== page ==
I still wish I could have conversations with my Mom, and she's been gone since 1985! My Dad lived in another town for 9 years, but I could always talk to him when I wanted. But not any more. I couldn't wait for him to move back to town so I could write down some of the stories he told us. But that didn't happen. This cannot in any way be compared to losing someone that you live with, see every day, hug and talk to every day.

It must be so hard.

After Mom died, Daddy invited one of his sisters over to go through Mom's clothes. I felt like it was a bit soon, but my aunt needed the clothes, and they were a painful reminder. I actually picked out 2 blouses that day that ended up being my favorite blouses. I am wearing one in a photo that I run across occasionally, and I still feel guilty about having it. About a year later, Daddy told my sister and I that we could split up my mom's jewelry. Neither of us wanted to do that. It was too soon. We weren't ready to say good-bye.

I know of so many people who have lost a spouse of many years - not just my Dad. My grandparents were married forever when my grandmother moved to a rest home. She was there a while when she died. My grandfather never got over losing her. He wouldn't eat. He died 3 years later of a broken heart.

When I was little, one of my Dad's aunts in Ballinger died, and we went there for the funeral. Two weeks later, we went back for her husband's funeral. He died of a broken heart. That was the first time I ever really thought about something like that. My mother-in-law just lost her 52-year-old daughter to cancer. She's having to pick up the pieces. It just doesn't seem right to lose a child. That's not the way things are supposed to be.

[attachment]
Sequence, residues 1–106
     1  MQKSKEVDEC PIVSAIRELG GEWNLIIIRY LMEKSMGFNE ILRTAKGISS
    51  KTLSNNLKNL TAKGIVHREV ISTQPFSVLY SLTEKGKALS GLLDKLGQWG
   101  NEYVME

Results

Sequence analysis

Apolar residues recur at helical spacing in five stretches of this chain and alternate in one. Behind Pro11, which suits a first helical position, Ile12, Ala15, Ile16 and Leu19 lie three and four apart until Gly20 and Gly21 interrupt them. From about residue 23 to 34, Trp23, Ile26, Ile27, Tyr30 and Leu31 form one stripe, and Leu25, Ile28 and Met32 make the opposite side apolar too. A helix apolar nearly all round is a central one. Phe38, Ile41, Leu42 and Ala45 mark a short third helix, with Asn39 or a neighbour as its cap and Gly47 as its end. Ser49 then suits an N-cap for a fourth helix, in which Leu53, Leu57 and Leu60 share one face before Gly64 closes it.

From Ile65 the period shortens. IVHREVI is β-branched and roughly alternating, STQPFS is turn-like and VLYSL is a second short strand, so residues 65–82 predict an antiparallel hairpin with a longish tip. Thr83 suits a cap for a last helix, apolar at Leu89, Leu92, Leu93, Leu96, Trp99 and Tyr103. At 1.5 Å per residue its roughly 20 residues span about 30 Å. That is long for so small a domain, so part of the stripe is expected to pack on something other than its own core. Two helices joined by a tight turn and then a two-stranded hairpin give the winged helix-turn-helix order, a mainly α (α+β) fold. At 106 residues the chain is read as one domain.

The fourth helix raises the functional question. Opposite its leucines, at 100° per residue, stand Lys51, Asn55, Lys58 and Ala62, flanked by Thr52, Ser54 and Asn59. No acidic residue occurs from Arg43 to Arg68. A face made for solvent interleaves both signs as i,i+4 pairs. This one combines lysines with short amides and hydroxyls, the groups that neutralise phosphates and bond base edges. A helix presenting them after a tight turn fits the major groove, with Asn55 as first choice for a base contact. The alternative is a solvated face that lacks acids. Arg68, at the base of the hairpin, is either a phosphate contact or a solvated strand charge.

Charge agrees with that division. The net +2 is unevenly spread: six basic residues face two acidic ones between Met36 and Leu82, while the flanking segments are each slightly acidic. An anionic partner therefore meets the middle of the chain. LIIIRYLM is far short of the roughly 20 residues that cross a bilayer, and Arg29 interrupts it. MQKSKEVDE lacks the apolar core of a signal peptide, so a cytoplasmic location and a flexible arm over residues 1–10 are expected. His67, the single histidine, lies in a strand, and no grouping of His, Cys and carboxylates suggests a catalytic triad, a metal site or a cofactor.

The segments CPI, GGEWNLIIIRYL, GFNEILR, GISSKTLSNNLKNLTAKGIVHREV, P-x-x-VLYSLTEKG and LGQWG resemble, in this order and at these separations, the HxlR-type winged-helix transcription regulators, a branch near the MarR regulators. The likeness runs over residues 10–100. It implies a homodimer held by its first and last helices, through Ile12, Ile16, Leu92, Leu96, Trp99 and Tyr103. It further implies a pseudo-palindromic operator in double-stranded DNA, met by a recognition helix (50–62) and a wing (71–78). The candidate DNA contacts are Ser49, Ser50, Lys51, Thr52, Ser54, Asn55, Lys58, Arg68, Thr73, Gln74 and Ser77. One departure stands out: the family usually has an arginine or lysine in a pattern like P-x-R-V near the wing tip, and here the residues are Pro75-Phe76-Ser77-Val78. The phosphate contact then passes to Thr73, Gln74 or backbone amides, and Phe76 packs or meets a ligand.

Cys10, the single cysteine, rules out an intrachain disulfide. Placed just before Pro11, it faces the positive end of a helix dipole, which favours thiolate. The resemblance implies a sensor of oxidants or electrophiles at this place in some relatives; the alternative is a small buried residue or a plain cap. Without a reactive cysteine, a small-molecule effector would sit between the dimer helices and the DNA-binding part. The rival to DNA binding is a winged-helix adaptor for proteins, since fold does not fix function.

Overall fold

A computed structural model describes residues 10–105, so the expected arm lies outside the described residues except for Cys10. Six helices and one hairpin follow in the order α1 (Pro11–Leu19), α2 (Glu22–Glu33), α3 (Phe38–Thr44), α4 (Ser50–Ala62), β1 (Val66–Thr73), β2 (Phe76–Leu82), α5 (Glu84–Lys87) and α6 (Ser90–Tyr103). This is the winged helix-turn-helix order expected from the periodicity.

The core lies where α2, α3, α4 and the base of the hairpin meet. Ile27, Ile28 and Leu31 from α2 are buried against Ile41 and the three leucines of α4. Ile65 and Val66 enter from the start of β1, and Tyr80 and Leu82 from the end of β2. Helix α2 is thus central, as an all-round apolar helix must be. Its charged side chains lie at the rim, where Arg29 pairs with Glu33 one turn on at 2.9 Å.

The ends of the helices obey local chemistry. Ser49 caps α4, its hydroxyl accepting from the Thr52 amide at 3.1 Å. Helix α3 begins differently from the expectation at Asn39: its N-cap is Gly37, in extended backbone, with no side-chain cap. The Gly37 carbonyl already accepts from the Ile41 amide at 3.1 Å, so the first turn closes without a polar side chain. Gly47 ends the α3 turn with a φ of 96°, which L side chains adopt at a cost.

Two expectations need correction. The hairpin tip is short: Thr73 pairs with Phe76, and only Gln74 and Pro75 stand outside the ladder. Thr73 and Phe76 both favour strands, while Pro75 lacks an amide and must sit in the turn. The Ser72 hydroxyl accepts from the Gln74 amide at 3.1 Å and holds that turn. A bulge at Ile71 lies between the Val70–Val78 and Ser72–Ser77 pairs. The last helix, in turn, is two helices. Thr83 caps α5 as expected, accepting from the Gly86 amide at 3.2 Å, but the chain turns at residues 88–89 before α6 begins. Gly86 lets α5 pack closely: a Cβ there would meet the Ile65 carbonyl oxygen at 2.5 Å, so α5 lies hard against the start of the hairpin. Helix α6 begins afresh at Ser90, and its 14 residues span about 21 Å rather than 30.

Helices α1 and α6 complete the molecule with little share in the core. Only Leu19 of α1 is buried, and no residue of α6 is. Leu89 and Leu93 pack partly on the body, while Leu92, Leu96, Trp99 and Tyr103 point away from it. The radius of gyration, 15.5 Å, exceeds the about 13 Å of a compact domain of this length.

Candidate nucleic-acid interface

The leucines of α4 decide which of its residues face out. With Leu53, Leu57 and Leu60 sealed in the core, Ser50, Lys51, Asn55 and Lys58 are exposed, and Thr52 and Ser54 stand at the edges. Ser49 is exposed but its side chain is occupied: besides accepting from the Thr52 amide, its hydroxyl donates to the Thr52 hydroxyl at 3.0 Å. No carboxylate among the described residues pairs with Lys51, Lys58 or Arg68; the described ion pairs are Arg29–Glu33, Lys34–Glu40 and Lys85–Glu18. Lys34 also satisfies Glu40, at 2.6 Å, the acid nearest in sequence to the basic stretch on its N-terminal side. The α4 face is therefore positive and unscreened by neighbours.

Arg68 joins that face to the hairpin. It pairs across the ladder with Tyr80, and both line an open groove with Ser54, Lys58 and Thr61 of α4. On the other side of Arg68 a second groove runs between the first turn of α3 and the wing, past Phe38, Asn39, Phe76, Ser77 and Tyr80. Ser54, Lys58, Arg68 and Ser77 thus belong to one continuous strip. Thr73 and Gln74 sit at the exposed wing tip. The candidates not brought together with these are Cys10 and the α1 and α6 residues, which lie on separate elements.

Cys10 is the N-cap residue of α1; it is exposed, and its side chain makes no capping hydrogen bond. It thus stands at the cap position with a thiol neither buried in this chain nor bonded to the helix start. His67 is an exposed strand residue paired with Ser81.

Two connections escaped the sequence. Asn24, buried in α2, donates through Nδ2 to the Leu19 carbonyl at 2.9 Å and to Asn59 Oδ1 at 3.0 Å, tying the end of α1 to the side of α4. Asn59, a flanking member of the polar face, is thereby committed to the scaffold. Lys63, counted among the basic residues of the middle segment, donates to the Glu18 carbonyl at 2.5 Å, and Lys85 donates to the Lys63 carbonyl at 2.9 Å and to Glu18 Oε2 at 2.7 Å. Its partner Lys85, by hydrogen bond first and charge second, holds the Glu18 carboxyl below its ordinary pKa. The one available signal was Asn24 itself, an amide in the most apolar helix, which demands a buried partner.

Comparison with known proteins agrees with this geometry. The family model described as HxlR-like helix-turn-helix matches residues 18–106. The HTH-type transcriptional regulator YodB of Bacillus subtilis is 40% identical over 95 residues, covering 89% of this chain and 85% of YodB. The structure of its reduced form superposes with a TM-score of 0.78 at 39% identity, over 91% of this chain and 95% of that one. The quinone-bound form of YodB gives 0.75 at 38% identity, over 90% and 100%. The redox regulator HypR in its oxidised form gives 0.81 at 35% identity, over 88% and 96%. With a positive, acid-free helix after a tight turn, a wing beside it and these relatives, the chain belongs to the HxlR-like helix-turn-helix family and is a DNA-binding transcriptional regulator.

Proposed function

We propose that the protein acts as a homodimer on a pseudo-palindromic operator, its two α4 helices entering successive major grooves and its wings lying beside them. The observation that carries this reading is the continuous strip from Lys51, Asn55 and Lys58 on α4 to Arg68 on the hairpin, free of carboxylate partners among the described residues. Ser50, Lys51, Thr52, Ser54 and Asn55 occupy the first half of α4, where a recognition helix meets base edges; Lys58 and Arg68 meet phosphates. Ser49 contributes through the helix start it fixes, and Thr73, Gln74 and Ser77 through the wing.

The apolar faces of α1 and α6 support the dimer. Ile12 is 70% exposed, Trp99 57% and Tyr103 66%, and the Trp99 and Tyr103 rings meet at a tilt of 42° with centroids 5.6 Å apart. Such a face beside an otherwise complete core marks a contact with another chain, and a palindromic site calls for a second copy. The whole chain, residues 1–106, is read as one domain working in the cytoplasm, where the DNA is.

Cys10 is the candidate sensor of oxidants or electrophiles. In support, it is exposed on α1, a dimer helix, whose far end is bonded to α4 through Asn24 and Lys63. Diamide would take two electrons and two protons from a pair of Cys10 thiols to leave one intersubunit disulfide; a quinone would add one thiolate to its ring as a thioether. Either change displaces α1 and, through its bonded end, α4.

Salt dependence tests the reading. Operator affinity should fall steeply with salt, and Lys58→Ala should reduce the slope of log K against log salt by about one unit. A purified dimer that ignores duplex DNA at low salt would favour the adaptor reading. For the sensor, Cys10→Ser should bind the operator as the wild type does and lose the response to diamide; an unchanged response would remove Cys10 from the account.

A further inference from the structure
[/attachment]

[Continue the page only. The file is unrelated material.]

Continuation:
Everyone copes in their own way. For some, the silence is deafening; the emptiness is painful. Some people pour themselves into their work, some into a bottle. We all wonder how God could cause someone to die before their time. But who says it wasn't their time?

According to the Bible, God knows our future while we are in the womb. I guess, all we can do is follow the rules, take care of ourselves and each other, love with our whole heart, let your loved ones know how you feel, and be glad for every moment you have with them.

Right now, all I can think of are the times I could have been nicer and lost opportunities to enjoy another smile or conversation. I worshiped my Dad, and I adored my grandson, and I miss them terribly.

Would you please tell me how you cope with your loss?

My house is wonderful, and the cleaning is easy . . .

Now that the house has been emptied and thoughtfully reloaded, keeping it neat is sooooo much easier! And enjoyable.

I just went through and picked up things in each room that didn't belong and put them where they belonged, picking up things in that room, until the whole house was picked up. It took about 30 minutes. Before, I wouldn't have started because it was overwhelming.

Plus, I figured out the problem with the focus on my camera, and I took photos of the house, inside and out. I posted them and set everything up so I can share them. Now, the batteries keep dying. I think when I dropped it in January, I killed it. It's probably time to get a new one. I like this one because it has a viewfinder so I can hold it close to take a photo. I'm better at that than holding it out and taking a photo. They don't make them like this anymore I don't think. But I'll keep looking.

Putting the photos together was harder than I expected. Maybe it's because of what I do at work. I work on the web, publishing newsletters, websites, etc, and the makeover photos had to be just right. I found myself desperately looking for the external drive that has all of the really before photos so I could show how dramatically the house has changed. I think Betty has more photos of the during than I do. She and David thought about taking photos when I just kept busy. It didn't occur to me to start by taking photos of the before. As much time as I spent watching HGTV, you'd think I'd know to do that.

Oh well, the after is so dramatic and awesome! I LOVE my house. I can't wait to show it off.